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L.A. Story: ‘Cake Time’ by Siel Ju

In 1985, Lorrie Moore announced her arrival on the literary scene with “How to be the Other Woman,” the provocative opening salvo that began her first story collection, Self-Help; she has since gone on to become one of the most revered voices in literary fiction. For writer Siel Ju (who appeared in ZYZZYVA No. 81) to start her novel-in-stories Cake Time (192 pages; Red Hen Press) with the similarly titled, and similarly told-in-second-person story “How Not to Have an Abortion” is a bold move, to say the least. Yet Siel Ju’s voice rings clear as her own, thanks in part …Continue reading

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Family in the Wild: ‘A Loving, Faithful Animal’ by Josephine Rowe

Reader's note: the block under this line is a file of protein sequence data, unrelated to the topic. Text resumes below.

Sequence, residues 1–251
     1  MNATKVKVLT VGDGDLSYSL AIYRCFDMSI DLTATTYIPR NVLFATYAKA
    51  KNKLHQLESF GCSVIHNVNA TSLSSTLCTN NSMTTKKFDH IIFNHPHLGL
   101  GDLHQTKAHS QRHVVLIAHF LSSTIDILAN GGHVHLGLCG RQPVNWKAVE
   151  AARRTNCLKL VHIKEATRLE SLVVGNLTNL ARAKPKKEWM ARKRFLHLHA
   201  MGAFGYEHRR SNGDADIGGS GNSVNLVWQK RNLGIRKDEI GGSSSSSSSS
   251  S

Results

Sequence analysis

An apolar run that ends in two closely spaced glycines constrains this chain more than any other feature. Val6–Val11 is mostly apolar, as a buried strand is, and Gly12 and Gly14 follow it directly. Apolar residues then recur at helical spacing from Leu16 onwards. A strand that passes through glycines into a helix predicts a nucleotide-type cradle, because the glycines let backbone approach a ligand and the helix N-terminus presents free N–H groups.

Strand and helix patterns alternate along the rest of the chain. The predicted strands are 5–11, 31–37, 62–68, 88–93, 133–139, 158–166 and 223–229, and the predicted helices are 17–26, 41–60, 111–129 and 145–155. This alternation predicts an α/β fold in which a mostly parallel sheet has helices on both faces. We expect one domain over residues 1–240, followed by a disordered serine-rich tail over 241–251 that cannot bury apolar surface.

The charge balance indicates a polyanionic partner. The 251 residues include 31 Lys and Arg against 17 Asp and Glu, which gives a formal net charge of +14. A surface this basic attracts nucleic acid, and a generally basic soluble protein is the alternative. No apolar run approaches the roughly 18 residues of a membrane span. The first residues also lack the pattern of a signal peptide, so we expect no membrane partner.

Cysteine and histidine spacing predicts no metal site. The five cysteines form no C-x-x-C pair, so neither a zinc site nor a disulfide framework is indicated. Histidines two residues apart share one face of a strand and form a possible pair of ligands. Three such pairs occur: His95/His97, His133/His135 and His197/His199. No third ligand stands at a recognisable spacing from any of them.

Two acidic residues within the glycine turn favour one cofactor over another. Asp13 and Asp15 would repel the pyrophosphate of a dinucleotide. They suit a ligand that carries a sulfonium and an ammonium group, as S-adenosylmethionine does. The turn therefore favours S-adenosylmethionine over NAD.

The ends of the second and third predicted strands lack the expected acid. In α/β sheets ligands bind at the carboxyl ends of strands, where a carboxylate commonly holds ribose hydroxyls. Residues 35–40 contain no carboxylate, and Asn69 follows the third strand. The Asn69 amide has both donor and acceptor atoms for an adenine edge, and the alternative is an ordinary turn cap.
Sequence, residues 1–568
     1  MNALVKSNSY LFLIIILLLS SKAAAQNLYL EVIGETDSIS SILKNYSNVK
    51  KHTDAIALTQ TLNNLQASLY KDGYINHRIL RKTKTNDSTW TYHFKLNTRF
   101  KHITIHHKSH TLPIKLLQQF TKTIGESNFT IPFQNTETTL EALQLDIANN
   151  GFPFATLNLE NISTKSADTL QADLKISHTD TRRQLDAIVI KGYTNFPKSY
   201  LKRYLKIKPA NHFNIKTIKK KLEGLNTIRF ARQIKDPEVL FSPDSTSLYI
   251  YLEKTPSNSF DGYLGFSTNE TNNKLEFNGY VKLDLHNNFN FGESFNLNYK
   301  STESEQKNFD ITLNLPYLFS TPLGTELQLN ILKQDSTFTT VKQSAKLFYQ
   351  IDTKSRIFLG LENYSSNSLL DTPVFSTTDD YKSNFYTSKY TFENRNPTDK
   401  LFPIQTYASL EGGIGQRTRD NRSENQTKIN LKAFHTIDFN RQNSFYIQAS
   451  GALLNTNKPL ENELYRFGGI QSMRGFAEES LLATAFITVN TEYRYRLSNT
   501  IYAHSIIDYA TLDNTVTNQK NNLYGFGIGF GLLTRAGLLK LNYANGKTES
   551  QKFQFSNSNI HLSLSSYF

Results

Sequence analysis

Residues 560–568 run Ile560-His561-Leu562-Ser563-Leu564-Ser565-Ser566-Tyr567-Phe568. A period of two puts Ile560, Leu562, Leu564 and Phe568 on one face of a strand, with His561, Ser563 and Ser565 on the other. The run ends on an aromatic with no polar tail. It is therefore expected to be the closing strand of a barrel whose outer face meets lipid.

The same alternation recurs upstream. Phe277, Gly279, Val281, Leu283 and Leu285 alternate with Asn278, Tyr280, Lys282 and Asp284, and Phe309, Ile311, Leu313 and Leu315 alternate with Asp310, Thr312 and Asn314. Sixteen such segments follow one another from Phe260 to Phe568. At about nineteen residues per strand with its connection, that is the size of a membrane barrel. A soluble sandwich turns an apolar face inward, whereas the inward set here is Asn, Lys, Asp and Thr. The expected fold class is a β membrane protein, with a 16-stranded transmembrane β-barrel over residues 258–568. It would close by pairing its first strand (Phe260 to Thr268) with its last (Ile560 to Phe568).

After the recent death of a beloved family pet, I was looking forward to reading something sweet and poignant. A Loving, Faithful Animal (Catapult; 176 pages) by Josephine Rowe promptly disabused me of any such hope. The titular loving, faithful animal is ripped to shreds in the first few pages. Rowe’s book, set in a small town in Australia, radiates with a sense of danger, but not in the expected ways; it’s not concerned with being wickedly subversive or delivering an emotional sucker-punch. It’s a family story, narrated in several parts by five family members. The premise is simple: an …Continue reading